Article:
imageThe Paranormal Report blog, just yesterday, posted a short report, The Sudarium of Oviedo – Better than the Shroud of Turin?

on the Sudarium of Oviedo:

Lying in the Cathedral of Oviedo, Spain in relative obscurity compared to its more famous cousin, the Sudarium presents a better provenance and history than the Shroud and may be the sole surviving relic of the crucifixion that has made it to modern times. Measuring 34″ by 21″, the Sudarium is a bloodstained cloth purported to have covered the head of Jesus of Nazareth after his burial. The cloth is mentioned to have been in the tomb in John 20:6-7 described as a cloth seperate from the shroud. It isn’t mentioned again until 570 A.D. when it was being kept by monks in a cave near Jerusalem. In 614, just before the Sasanian King of Persia Khusru II conquered Jerusalem, the cloth was taken to Alexandria, and within just a few years made its way to Spain through North Africa. Its been there ever since.

AND: here is a 1997 paper with pictures, The Sudarium of Oviedo: Its History and Relationship to the Shroud of Turin by Mark Guscin

Here are some postings on the Sudarium in this blog in just the past year:

Fr. Matthew Pittam on Relics

imageWhen have you ever read about the carbon dating of the shroud in which no mention was made about the results?

The University of Oxford is to become a world leading centre into the study of religious relics following the launch of a new department. This ground-breaking centre, based in Keble College’s Advanced Studies Centre, is to be composed of computer and medical scientists as well as historians, classicists and theologians. Such an interdisciplinary approach builds upon work that has been undertaken by the university’s archaeological school since the 1980s.

Past achievements within the university have included the dating of the shroud of Turin, which involved study in three laboratories and the radiocarbon accelerator unit. This new unit is the first time that such a wide-ranging field of experts has been brought together in this way.

Not that there is anything wrong with that; this article is not about the shroud but … As a new centre to study relics opens in Oxford, Fr Matthew Pittam takes a look at some more unusual examples in the Catholic Herald:

  • The head of St Catherine of Siena – San Domenico Basilica Siena, Italy
  • The Holy Prepuce (Christ’s foreskin) – stolen in the 1980s
  • St Antonius’s body – Church of San Marco, Florence, Italy
  • Blessed John Henry Newman – The Oratory of St Philip Neri, Birmingham, UK
  • The hand of St Francis Xavier – Gesu, Rome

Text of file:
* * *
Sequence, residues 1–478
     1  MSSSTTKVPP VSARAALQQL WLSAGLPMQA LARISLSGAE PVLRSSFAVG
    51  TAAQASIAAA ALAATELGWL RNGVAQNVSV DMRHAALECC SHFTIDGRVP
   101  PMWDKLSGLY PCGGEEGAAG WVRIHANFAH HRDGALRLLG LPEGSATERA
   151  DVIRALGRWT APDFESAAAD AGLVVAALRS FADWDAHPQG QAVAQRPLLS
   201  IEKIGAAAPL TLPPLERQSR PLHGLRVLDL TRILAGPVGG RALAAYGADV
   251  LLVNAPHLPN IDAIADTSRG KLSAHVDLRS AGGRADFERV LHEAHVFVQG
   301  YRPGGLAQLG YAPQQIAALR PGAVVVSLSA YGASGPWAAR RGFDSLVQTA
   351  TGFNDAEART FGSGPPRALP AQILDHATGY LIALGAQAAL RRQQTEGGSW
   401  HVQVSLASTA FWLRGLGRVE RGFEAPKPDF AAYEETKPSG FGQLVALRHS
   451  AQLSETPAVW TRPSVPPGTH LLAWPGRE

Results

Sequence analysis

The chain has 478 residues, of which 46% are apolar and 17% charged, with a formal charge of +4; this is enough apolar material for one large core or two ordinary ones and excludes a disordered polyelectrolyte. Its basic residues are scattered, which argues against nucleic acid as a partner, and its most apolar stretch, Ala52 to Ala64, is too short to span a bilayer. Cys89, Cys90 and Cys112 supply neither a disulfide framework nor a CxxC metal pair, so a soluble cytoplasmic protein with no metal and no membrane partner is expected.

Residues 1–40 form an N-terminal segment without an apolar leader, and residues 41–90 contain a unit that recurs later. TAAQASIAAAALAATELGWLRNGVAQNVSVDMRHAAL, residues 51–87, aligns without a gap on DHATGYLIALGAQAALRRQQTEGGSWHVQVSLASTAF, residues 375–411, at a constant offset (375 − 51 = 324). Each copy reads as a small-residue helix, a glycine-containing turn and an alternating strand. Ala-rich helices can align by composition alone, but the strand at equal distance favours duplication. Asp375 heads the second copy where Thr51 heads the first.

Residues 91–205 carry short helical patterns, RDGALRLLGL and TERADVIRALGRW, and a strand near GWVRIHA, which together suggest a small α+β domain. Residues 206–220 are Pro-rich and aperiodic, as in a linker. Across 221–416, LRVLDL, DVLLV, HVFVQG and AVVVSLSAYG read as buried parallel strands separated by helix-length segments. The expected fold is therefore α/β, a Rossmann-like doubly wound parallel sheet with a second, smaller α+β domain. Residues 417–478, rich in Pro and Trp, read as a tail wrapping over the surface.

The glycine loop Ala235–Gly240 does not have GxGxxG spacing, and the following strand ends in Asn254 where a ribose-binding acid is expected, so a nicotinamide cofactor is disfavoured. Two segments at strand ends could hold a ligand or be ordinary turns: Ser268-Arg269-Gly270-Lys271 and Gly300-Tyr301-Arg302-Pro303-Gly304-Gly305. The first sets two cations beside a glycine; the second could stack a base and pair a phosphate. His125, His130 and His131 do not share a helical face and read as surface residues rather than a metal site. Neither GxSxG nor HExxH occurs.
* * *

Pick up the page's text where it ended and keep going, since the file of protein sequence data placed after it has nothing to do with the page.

Well, I hope Oxford is not planning to test the foreskin.  It has gone missing, since 1983. 

Fr. Pittam concludes his article:

I remember a friend telling me how he had retrieved relics from a presbytery bin when the parish priest had disposed of them in the early 1980s. This just shows how relics have been regarded by many more recently.

Hopefully, the new Oxford Centre for the Study of Relics will help further advance and promote the use of relics in the Church and encourage us to think afresh about their importance. Whilst studies will undoubtedly identify some relics as counterfeit or misidentified, others may be confirmed as originating from the time and place where the holy person lived. It will certainly give the veneration of relics more credibility.

JFK and the Shroud of Turin

imageJohn Klotz has an interesting posting in his blog, Living Free.  It’s called Yet again, JFK [and the Shroud]. Read it and follow the links.

THE BOOKENDS — beginning:

I am working to update and mold the material in Quantum Christ into a new book tentatively entitled "The Pope and the Apocalypse [and the Shroud?] Distractions abound including four matters that are still in litigation at one stage or another. Also, current events of an apocalyptic nature including the refugee crisis are a necessary distraction but a component of what I will be writing about.

— ending:

This morning there was published on Salon an excerpt from a new book by David Talbot. David is not only the founder and first editor of Salon; he has spent a lifetime digging deep in the JFK assassination. I thoroughly recommend the Salon posting. And the next time some scientific expert or skeptic derides the authenticity of the Shroud as being disproved by the "evidence," think JFK and the Warren Report.